Although it is only hinted at in a single sentence in On the Origin of Species, human evolution seems to have been very much in Darwin's mind when he asked many of his apparently innocuous questions about domesticated and wild animal species—and even about seed dispersal. When Darwin's masterpiece was eventually published, both the scientific world and the general public immediately saw its implications for the history of human descent. Desmond and Moore infer that this might have been Darwin's plan all along: make a brilliantly argued case for the evolution of animal and plant species, then let the reader come to their own logical, far more controversial conclusions about human evolution. But they also believe that Darwin was not yet able to make a strong case for human evolution, as many human racial differences did not appear to be adaptive. Darwin believed that such differences could be explained not by Natural Selection, but by his other great idea, Sexual Selection. The case for that, however, would have to wait until his later book, The Descent of Man and Selection in Relation to Sex.
Darwin's Sacred Cause is clearly an important book which will be much discussed, debated and argued about by Darwin scholars over the coming years. It will be interesting to follow the debate. Especially for someone like me, who finds himself considerably more open-minded than previously regarding the influence of Darwin's anti-slavery views on his science.
Definitely one for your Darwin library.
Disclosure: Peter McGrath from the Beagle Project was sent a pre-publication copy of this book, which he forwarded to me for review. It was nice to see Peter's name mentioned in the acknowledgements. He's too polite to say so himself, so I'll say it for him: W00t!
They have compiled a bibliography of books about Darwin and evolution so there's no excuse not to include offspring, siblings, nieces and nephews in Darwin 200. Download it here.
I have just got my hands on The Voyage of the Beagle by James Taylor and will have a review ready by mid week. My first impressions are that Anova have produced one of the most beautiful books I have ever seen. The artwork is superb and a first glance through suggests that Mr Taylor's writing does it justice.
The Dispersal of Darwin also keeps a thoughtful eye on Darwin and evolution publications and if you haven't click over and visit.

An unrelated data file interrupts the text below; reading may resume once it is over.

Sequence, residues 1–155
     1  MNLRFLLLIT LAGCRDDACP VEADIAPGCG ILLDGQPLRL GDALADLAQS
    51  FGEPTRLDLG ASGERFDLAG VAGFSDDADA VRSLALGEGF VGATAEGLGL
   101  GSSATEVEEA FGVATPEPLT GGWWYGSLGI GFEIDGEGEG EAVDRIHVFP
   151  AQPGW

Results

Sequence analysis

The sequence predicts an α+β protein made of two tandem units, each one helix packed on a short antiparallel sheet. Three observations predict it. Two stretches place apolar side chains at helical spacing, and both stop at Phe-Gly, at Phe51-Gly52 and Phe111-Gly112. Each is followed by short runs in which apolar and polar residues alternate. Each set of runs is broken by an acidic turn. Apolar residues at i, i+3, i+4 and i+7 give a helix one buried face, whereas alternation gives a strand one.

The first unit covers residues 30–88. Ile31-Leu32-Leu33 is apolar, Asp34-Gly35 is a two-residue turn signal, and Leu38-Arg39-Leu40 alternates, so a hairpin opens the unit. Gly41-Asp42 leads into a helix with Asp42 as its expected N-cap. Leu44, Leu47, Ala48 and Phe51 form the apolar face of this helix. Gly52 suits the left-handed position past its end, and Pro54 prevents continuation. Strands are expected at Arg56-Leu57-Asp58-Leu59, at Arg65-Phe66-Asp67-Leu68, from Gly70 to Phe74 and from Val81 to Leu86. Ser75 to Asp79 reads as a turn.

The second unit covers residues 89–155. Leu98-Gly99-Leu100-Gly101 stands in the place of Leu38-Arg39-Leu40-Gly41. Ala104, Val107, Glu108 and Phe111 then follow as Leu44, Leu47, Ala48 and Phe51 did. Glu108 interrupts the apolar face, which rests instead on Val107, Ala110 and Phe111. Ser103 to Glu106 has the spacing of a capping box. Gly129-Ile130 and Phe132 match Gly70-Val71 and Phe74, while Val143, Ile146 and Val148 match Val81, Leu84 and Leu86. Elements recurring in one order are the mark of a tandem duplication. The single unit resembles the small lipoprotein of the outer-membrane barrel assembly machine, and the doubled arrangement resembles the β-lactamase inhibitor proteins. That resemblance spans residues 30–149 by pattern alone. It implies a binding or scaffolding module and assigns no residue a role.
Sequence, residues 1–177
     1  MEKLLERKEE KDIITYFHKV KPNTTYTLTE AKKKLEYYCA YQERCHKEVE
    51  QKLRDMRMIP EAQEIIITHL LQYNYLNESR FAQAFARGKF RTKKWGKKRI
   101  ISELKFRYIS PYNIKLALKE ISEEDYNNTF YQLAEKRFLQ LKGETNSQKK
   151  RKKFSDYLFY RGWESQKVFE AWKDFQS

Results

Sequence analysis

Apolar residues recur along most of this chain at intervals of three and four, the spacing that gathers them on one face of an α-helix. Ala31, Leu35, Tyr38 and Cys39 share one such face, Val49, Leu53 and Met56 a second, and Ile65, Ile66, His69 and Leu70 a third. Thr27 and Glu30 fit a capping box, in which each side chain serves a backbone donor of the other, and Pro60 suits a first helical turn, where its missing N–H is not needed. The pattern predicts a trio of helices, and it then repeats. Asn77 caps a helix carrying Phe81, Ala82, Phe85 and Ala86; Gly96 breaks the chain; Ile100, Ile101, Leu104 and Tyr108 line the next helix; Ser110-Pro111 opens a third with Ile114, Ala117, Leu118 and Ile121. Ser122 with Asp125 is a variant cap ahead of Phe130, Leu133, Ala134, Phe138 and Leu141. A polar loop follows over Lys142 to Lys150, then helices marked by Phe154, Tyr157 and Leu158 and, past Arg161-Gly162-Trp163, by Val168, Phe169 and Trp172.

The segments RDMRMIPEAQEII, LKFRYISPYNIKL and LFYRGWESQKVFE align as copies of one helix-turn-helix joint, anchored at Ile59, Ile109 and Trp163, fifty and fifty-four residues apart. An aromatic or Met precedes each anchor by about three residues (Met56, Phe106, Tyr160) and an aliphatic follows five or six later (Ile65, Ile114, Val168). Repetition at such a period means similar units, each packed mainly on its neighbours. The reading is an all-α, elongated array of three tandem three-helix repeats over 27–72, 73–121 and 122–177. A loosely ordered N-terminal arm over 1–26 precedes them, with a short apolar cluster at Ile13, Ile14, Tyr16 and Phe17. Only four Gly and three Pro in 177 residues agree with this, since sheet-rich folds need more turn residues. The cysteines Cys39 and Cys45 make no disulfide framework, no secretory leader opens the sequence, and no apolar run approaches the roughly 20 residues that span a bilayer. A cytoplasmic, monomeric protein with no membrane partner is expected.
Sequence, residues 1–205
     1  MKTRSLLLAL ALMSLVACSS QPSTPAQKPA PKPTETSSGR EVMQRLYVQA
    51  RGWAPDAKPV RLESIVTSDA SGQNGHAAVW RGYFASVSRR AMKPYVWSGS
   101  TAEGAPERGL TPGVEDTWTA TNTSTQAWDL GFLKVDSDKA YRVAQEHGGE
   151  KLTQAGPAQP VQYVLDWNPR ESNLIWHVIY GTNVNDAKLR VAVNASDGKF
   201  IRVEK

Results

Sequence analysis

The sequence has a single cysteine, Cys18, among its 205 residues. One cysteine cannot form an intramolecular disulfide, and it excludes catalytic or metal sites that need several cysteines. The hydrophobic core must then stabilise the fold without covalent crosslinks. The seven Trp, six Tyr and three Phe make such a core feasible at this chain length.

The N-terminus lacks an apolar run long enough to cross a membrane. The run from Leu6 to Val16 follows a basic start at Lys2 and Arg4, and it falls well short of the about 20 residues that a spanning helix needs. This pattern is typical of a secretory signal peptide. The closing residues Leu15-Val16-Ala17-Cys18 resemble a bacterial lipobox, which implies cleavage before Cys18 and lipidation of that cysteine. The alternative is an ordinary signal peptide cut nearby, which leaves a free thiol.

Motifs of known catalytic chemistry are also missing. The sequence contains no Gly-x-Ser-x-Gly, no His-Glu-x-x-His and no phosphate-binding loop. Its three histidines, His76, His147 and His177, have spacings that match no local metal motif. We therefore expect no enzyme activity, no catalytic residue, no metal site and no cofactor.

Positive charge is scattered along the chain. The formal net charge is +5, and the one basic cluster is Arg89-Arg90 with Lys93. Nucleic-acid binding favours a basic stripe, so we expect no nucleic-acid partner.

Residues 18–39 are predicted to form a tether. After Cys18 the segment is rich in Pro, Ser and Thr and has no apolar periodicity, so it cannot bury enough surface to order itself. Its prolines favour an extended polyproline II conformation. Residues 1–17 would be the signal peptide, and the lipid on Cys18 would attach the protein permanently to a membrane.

9 January 2009
David is measured. I call for the remains of the original to be dug up from the mud at Paglesham and placed on the vacant plinth in Trafalgar Square. More here.
Pic: Dr Robert Prescott (who in 2004 announced that he had found Beagle's remains and now Chairman of the National Advisory Committee on Historic Ships), David Lort-Phillips (Beagle Project co-founder) and BBC producer Jeremy Grange recording a segment of the programme on the footbridge over the slipway at the former dockyard at Woolwich where HMS Beagle was built
7 January 2009
H/t to Carl Zimmer at The Loom for the great idea of asking if anyone had any scientific tats. Oh yes. I was there reading his Open Lab 2008 post 'Even blook flukes get divorced.' An excellent piece of science writing (although I am partial to the critters, having studied them), and I fully intend to read every one of the other 51 Open Lab 2008 winners.
While I'm delighted to see HMS Beagle on a fan's flesh, there is a protocol to these things. Sailors are entitled to a tattoo of a swallow for each 5000 miles sailed (although most make do with one to celebrate their first 5000). An anchor if you have sailed in the Atlantic. A full-rigged ship (such as Beagle under sail) is merited only if you have rounded Cape Horn. And if you want to earn that ink on the decks of the new HMS Beagle, you will have to help us with donations. Few will round the Horn on the Beagle's circumnavigation, so shake up any CEO aunts or uncles, or philanthropic millionaires in the family. Re-assure them the tat doesn't have to be big and vulgar, it can be hidden under clothes. And what changing room bragging rights that would give you.
"Listen to entire programmes" links in each section.
I've listened to all of it to date and if you only have time to listen to one thing, I recommend Tuesday's In Our Time on the Beagle voyage featuring Darwin biographer Jim Moore, Steve Jones, David Norman and Jenny Clack.
...and I'm not recommending this one just because I'm a Beagle fangirl but also because it has some brilliant witticisms, moving insights and one-liners - Steve Jones is particularly on particularly good form in this one; for example, on the gruesome reality of collecting animal specimens, he says, 'This duck did not die in vain - though it probably felt that it did - it was hit smartly over the back of the head by a geological hammer, and on the other end of the hammer was Charles Darwin himself. You tend to forget that being a collector can be a rather bloody business: Darwin shot, strangled, beat, garrotted, poisoned, but at least he didn't eat this one' (as he did, partially, the rhea that now bears his namesake). Describing a collection of Darwin's specimens at the Grant Museum at University College London, Jones describes several of them in a rather hilarious fashion, including 'some dolphins looking rather sad', 'a specimen that would have been familiar to Darwin - a marine iguana - now permenantly in liquid', 'about 30-40 moles all pickled together in some great mole-ish holocaust' and 'a very ecclectic collection of rather disgusting things in glass jars full of liquid'.